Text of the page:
In this third installment of the 'Pusher' trilogy, we follow Milo (Zlatko Buric), the drug lord from the two first films. He is aging, he is planning his daughter's 25th birthday and his ... See full summary »
In this third installment of the 'Pusher' trilogy, we follow Milo (Zlatko Buric), the drug lord from the two first films. He is aging, he is planning his daughter's 25th birthday and his shipment of heroin turns out to be 10.000 pills of ecstasy. When Milo tries to sell the pills anyway, all Hell breaks loose and his only chance is to ask for help from his ex-henchman and old friend Radovan (Slavko Labovic). Written by
After finish this film Ilyas Agac went to jail and Nicolas Winding Refn had to take the film to him in jail so he could see the final product. See more »
When Milo and Radovan are taking care of the first body, Radovan slits the man's throat as he hangs upside down from the ceiling. A bucket that has been placed beneath him fills with the man's blood, and Radovan instructs Milo to empty it and bring it back. When he picks up the bucket, the plastic underneath it is covered with blood. However, when he brings the empty bucket back and replaces it beneath the man, the plastic covering is clean. After Radovan eviscerates the man, and Milo once again removes the bucket, the plastic is again covered in blood. See more »
What's with the new shirt?
You don't like it? It's a Hugo Boss.
Hugo Boss? I don't think so. "Hugo Bugo" maybe, but not Hugo Boss.
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Come take a look at the violence and depravity that goes on in ... Copenhagen.
Copenhagen? Yup. But this is pretty effin' far from Hans Christian Anderson and the Little Mermaid.
This movie caps Nicolas Winding Refn's gangster trilogy and veers off in a somewhat different direction from the first two. "Pusher I" and "Pusher II" were tense and violent movies about the Danish drug trade, but both had an element of comedy.
By contrast, Pusher III is one of the darkest movies I've ever seen and it has an extended scene at the end that would never, ever be allowed in a mainstream Hollywood gangster movie.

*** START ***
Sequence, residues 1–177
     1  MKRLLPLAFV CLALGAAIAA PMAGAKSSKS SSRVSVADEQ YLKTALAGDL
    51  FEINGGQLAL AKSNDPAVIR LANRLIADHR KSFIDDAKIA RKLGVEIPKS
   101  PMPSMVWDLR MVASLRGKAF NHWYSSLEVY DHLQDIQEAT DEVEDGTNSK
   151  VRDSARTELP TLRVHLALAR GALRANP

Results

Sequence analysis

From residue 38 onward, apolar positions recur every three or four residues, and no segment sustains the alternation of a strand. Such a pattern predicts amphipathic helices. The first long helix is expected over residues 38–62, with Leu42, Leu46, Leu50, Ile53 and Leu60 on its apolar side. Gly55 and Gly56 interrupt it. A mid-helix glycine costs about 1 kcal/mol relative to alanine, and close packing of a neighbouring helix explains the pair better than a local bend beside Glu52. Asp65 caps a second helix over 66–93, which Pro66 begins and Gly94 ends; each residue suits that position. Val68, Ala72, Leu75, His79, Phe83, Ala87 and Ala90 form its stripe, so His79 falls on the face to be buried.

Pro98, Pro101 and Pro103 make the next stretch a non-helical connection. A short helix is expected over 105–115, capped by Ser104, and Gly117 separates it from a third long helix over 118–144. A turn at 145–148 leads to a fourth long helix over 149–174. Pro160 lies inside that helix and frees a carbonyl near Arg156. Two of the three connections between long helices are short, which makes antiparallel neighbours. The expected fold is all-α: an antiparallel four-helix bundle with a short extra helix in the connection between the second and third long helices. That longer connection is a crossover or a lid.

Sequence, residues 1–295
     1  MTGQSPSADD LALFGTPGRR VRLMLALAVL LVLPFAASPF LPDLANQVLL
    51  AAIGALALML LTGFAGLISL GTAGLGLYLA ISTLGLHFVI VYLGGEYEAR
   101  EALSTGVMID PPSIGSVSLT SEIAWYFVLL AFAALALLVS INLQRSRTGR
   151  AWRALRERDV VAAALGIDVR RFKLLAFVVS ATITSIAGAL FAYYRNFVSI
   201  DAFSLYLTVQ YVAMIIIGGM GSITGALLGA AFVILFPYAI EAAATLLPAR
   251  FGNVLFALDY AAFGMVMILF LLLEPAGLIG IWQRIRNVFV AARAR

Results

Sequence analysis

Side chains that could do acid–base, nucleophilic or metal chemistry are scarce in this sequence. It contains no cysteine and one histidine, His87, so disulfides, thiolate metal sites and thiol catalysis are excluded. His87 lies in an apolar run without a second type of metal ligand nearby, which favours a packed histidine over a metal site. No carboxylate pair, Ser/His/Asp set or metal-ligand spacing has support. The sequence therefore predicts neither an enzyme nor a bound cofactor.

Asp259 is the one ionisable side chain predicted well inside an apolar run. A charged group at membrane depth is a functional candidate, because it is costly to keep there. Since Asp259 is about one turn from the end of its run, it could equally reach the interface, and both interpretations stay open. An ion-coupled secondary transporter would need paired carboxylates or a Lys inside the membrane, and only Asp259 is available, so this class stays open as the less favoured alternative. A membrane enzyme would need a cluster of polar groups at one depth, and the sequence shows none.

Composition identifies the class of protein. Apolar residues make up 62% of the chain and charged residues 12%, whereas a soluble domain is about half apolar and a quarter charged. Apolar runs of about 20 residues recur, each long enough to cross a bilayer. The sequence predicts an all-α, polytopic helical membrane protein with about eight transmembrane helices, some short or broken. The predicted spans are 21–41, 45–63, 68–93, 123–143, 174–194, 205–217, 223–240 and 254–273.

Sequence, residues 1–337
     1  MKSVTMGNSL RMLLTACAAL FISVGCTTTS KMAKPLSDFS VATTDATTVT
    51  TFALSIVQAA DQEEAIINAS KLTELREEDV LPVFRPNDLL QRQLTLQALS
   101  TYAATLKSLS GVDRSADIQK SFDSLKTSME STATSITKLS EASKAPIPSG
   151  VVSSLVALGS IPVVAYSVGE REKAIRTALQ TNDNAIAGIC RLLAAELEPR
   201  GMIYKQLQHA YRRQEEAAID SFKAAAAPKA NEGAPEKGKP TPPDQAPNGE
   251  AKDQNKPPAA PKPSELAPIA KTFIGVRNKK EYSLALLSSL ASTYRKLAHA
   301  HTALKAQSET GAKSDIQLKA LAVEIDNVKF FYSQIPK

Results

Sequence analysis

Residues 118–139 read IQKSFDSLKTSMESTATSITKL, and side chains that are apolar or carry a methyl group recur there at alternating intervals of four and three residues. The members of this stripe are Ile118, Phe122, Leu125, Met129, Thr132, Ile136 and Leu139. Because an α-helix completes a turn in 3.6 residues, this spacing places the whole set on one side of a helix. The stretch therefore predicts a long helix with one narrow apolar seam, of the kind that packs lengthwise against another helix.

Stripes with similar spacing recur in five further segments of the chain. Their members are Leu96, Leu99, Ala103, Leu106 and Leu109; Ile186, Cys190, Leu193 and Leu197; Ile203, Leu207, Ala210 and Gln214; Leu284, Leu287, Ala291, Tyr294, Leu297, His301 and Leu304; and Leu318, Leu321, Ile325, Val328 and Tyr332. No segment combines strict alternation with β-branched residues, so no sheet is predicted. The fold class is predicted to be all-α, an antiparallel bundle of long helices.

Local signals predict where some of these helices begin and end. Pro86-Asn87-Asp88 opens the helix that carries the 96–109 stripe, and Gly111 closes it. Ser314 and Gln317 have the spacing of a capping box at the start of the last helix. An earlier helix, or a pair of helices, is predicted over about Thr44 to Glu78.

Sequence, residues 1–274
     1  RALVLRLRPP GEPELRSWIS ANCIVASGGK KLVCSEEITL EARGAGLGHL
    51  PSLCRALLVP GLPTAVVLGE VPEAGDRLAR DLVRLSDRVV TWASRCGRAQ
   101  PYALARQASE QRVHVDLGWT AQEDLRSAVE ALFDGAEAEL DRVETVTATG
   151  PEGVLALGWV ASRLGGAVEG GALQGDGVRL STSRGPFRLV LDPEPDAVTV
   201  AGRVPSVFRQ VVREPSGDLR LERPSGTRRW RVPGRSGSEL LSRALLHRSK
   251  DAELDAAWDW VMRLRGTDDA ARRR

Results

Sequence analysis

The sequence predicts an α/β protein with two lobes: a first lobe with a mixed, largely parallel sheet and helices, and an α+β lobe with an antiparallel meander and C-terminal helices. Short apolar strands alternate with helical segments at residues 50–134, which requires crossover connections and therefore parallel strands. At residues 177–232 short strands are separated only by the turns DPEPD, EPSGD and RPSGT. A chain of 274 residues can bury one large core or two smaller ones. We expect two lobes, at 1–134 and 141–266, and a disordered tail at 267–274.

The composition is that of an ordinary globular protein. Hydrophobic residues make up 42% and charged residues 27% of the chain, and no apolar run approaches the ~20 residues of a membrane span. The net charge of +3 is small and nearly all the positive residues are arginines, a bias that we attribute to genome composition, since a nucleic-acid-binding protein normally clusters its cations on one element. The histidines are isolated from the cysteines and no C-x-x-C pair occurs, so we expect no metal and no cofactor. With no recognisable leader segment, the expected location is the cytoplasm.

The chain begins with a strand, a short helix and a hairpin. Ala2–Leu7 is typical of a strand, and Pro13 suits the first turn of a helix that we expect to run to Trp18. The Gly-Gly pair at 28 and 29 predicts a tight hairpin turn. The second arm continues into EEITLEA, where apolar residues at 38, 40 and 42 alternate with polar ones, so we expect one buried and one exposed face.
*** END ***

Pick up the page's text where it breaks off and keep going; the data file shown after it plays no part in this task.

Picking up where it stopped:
Pusher III happens in a 24-hour period as we follow along with Milo, a mid-level drug kingpin who is apparently a Serb. Milo has a busy day ahead of him. His daughter's 25th birthday is that evening and he's promised to cook food for 50 people. His product supplier got shipments mixed up and sent Milo 10,000 ecstasy tabs instead of the usual heroin. He's withdrawing from heroin himself and drops in at NA meetings during the day. His crew is getting ornery, giving him lip all the time.
Sigh. It's hard out there for a gangster. You almost feel sorry for the schlub.
Then, when a Polish pimp shows up wanting cash in exchange for a badly frightened 18-year-old girl he has in tow, things start to go bad.
This is in no sense of the word an action movie, although there are murders. No guns, either. It's remarkable how directors from outside the U.S. can take material Americans are completely familiar with and make it look completely different. Take the Korean monster movie "The Host" and the Swedish vampire movie "Let the Right One In." Familiar material. Brand new take.
"Pusher III"is like that. It has stretches where not much happens. But it builds to a horrifying climax all the more horrifying because it plays out utterly matter of fact.
And props to Zlatko Buric, who plays Milo. The camera is on him for the entire movie and we get to know every seam in his weary face.
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